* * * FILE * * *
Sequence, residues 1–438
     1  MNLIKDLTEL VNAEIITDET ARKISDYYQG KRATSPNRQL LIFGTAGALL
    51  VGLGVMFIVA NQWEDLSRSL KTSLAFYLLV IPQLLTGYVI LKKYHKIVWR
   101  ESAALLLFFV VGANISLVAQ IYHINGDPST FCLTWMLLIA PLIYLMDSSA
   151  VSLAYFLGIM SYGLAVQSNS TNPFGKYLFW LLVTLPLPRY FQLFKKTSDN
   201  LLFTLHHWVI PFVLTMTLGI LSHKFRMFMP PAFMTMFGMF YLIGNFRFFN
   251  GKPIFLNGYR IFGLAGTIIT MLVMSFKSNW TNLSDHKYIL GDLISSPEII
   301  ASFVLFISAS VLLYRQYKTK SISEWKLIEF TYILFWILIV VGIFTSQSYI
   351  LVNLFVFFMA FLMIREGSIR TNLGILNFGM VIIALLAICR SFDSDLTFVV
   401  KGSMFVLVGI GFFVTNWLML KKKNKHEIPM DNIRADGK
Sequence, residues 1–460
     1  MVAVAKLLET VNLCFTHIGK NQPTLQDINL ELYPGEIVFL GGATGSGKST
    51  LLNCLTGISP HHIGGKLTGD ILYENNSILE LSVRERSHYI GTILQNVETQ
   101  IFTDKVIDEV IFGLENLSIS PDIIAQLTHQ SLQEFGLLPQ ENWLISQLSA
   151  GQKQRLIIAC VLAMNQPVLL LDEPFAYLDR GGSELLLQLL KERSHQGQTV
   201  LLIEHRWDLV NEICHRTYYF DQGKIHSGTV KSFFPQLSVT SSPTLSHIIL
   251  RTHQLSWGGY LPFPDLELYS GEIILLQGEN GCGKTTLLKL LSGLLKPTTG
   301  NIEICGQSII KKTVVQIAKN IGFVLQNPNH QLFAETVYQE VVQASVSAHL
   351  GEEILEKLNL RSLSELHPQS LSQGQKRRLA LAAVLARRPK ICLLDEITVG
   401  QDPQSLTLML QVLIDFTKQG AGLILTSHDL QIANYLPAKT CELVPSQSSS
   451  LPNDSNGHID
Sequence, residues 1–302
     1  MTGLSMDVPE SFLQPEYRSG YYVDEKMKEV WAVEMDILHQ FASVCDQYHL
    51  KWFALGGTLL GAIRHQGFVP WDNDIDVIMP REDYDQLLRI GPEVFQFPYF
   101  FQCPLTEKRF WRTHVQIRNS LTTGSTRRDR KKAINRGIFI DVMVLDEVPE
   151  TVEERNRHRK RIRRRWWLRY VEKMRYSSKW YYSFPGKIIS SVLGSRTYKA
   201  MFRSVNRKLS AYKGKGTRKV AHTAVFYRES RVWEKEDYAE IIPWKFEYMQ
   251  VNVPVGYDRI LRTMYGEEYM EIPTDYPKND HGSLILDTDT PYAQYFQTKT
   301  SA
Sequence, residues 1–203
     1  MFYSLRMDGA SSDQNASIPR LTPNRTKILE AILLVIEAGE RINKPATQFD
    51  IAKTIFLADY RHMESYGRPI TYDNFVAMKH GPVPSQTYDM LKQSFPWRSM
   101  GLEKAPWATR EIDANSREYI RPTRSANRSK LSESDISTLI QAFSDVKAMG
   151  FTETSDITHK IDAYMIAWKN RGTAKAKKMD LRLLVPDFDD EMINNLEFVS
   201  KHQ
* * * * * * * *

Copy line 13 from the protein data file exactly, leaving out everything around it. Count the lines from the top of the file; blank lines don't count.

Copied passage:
    51  LLNCLTGISP HHIGGKLTGD ILYENNSILE LSVRERSHYI GTILQNVETQ